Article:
Assistant Engineer Saint-Jérôme QC
You may have noticed that in the manning section of the Large Yacht Code (LY2) there is a new grade of engineer which was not mentioned in the old code, that of ‘Assistant Engineer’. So…….
What is an Assistant Engineer?Why did the MCA introduce this role?What qualification do you need to be one?
What is it?
The concept of an Assistant Engineer was not invented for the yachting industry but has been adapted from merchant navy practice. The Assistant Engineer is someone carried in the complement of a yacht who, though not certified to be responsible for the operation and maintenance of plant, has enough knowledge to be of use to the Chief Engineer in carrying out many routine operations such as changing filters, transferring liquids, doing routine maintenance tasks, starting and stopping machinery. It is also intended that if anything were to happen to the Chief Engineer then the Assistant would have enough knowledge to get the yacht safely back in to harbour.
It is important to remember this role is only intended for yachts operating with an Unmanned Machinery Space (UMS): vessels requiring traditional watchkeeping will have to carry a minimum of two STCW qualified engineers. The person holding this position does not necessarily need to be someone who actually works full time in the Engineering Department, they could be a deck hand, the mate or someone from another department. Deck candidates take note, however, that in their case the service credited will not be counted at full rate but will be split equally between deck and engineering service.
Why did the MCA introduce this role?
The MCA considered that there was a need to enhance the Engineering Department in the smaller yachts, and it was also recognised that on the larger yachts, with UMS, operating on coastal voyages the Second Engineer was not being fully employed and could be safely replaced with an Assistant Engineer.
By using an Assistant Engineer in these positions a pathway is opened to enable holders of AEC and MEOL(Y) (see below) to gain useful experience on larger yachts on their way to gaining their Y4 qualifications.
As the Assistant Engineer can be a dual role position, a by product of this change is a reduction in the salary bill whilst maintaining an acceptable standard of engineering expertise on board. This is important particularly on smaller yachts where no increase in actual numbers is required but engineering expertise is enhanced.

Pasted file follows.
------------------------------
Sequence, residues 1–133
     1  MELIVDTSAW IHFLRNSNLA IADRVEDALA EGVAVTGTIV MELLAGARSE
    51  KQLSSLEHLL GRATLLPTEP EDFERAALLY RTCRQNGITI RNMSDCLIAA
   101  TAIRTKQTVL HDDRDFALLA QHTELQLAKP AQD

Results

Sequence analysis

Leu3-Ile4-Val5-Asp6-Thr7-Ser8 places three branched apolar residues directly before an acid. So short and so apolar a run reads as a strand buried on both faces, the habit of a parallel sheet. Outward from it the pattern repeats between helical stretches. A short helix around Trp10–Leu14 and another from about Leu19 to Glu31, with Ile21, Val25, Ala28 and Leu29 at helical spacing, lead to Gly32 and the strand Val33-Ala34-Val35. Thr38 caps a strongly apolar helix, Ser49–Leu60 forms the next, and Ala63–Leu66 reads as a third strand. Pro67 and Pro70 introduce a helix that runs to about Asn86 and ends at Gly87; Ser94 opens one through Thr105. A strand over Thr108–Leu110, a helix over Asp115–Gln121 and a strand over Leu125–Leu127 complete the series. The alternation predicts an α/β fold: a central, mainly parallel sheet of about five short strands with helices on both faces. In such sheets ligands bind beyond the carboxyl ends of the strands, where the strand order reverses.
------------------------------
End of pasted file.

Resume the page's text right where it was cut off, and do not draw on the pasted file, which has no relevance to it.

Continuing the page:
What qualification do you need to be one.?
Those who have been required by an MCA inspection to get an Assistant Engineer will know that nowhere does it say exactly what qualifications are needed for this role! This is because LY2 is relatively new and MGN 156, which would normally have this information, is too old. By calling the MCA you can find out that in fact the Approved Engine Course and the MEOL (Y) are the two key requirements depending on the engine power of the yacht and where it wants to go. Obviously general service merchant navy qualifications are also accepted,
I have suggested to the MCA that they rename the Approved Engine Course the Assistant Engineer’s Course because the existing title does not describe adequately the course content which does not just concern engines. Keeping the initials the same will also save me from having to reprint our publicity! The table below gives guidance on what qualifications could be required for the Assistant Engineer under various circumstances. Always bear in mind that these tables in LY2 and in MGNs were not handed down to the Chief Examiner on marble tablets, like Moses on the mountain. Often this is misunderstood by senior crew and managers; they are GUIDANCE and can be varied, either relaxed or toughened in particular circumstances. A good example of this has already been mentioned: a yacht requiring a permanently staffed engine room would not be allowed to run with an Assistant Engineer whatever it says on tables like the one below.
The Master of a yacht, not the Chief Examiner, is responsible for the safe manning of the vessel, so if he or she is in any doubt they should ask for an opinion from the Seafarer’s Training and Certification department of the MCA.
This table is an assimilation of LY2 and the current interpretation of engineering manning rules. Remember it is only applicable to vessels where the engine room is operated on an UMS basis.
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